The Epley maneuver is very efficacious, with many patients converting to a negative Dix-Hallpike and experiencing a complete resolution of vertigo after the initial treatment [1, 2, 911]. The natural history of BPPV tends towards spontaneous resolution without treatment in up to 84% of cases [12]. In addition, the only reported adverse events associated with the Epley maneuver are nausea and vomiting, with rates of 16.7–32% [1, 10, 11]. There are no reports in the literature of ischemic or hemorrhagic stroke associated with particle repositioning maneuvers.

We have presented the first case to our knowledge of intraparenchymal hemorrhage related to the Epley maneuver, resulting in a permanent visual field deficit. Causation is uncertain in this case. It is possible that the patient’s forceful retching and vomiting caused a significant increase in intracranial pressure by way of repeated Valsalva Maneuvers [13], which then resulted in rupture of a small intracerebral artery [14]. Supporting this is that the occipital lobe (the location of our patient’s hemorrhage) is a common location for intracerebral hemorrhage associated with acute hypertensive changes [15].

Another possible mechanism is that the patient’s intense nausea and vomiting were elicited by a stroke itself occurring during particle repositioning – it is well established that nausea and vomiting are common symptoms at the onset of hemorrhagic stroke [16]. It is clear that a history of long-standing hypertension (which, despite having reportedly being controlled off of medications, was previously present in our patient) is a risk factor for intracerebral hemorrhage due to gradual vessel degeneration over time predisposing to vessel rupture [14]. There was no evidence of cervical artery dissection, thrombosis, or ischemia, in our patient, which is the typical pathophysiology of neck manipulation-induced stroke [6, 17].

Conclusion

The Epley maneuver is commonly performed, and is safe and effective in otolaryngology practice. This is the sole case present in the medical literature of an Epley maneuver-associated serious adverse event, and specific causation in our patient’s case is unclear. Regardless of our patient’s case, careful selection of appropriate patients remains important when deciding on whom to perform the Epley maneuver, particularly in elderly patients with comorbidities. The indirect causation and extreme rarity of this event do not warrant change to practitioner patterns of practice.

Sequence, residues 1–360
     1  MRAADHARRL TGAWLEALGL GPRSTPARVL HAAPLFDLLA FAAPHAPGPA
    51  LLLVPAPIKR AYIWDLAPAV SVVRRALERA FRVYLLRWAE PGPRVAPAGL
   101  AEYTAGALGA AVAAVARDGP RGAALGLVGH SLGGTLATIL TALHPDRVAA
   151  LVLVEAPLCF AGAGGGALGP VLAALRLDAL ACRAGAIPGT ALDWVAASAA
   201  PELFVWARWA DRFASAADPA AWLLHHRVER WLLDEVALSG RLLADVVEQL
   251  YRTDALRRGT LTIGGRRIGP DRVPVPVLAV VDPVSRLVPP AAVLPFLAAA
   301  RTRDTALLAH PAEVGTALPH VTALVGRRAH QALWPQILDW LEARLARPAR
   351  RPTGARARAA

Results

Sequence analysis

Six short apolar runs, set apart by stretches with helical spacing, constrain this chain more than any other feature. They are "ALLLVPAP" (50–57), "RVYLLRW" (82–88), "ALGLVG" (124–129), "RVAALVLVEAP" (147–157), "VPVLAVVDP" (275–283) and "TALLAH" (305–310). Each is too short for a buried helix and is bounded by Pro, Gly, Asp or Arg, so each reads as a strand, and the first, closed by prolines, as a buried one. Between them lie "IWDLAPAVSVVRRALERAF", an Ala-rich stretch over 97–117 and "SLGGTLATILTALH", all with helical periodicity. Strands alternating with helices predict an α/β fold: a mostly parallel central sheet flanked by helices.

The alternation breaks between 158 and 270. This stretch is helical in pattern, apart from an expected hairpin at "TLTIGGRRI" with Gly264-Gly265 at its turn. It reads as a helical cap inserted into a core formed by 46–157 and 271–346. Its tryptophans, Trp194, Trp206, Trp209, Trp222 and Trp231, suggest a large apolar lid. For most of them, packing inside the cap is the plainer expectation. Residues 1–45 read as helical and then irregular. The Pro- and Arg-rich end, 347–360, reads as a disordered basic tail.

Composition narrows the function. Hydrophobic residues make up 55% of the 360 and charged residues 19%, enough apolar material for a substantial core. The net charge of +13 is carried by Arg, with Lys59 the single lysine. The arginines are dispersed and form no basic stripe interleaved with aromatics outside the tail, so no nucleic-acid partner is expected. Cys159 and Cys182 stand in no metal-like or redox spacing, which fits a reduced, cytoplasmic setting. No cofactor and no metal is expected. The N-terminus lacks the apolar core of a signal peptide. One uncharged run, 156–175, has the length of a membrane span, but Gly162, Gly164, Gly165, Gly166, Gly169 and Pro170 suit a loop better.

Abbreviations

BPPV: 

benign paroxysmal positional vertigo

CT: 

computed tomography

ENT: 

Ear, nose and throat surgery (aka otolaryngology- head & neck surgery)

Declarations

Acknowledgements

N/A

Funding

There was no funding for this report.

Availability of data and materials

N/A

Authors’ contributions

JB reviewed the neuroimaging and provided input on possible etiologies. BB assisted with manuscript editing. TL performed the initial literature review. EM provided patient details including history, physical findings, and details surrounding the adverse event, and provided manuscript edits. PM performed updated literature review, obtained ethics approval, and was primary manuscript author. All authors read and approved the final manuscript.

Ethics approval and consent to participate

Ethics approval was obtained by Bannatyne Campus Health Research Ethics Board (#HS20205).

Consent for publication

The patient consented to the publication of this case report.

Competing interests

The authors declare that they have no competing interests.

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Authors’ Affiliations

(1)
Department of Otolaryngology - Head & Neck Surgery, University of Manitoba, GB421 - 820 Sherbrook Street, Winnipeg, MB, R3A 1R9, Canada
(2)
Department of Otolaryngology - Head & Neck Surgery, Sunnybrook Health Sciences Centre, Toronto, ON, Canada
(3)
Department of Neurosurgery, University of Manitoba, Winnipeg, MB, Canada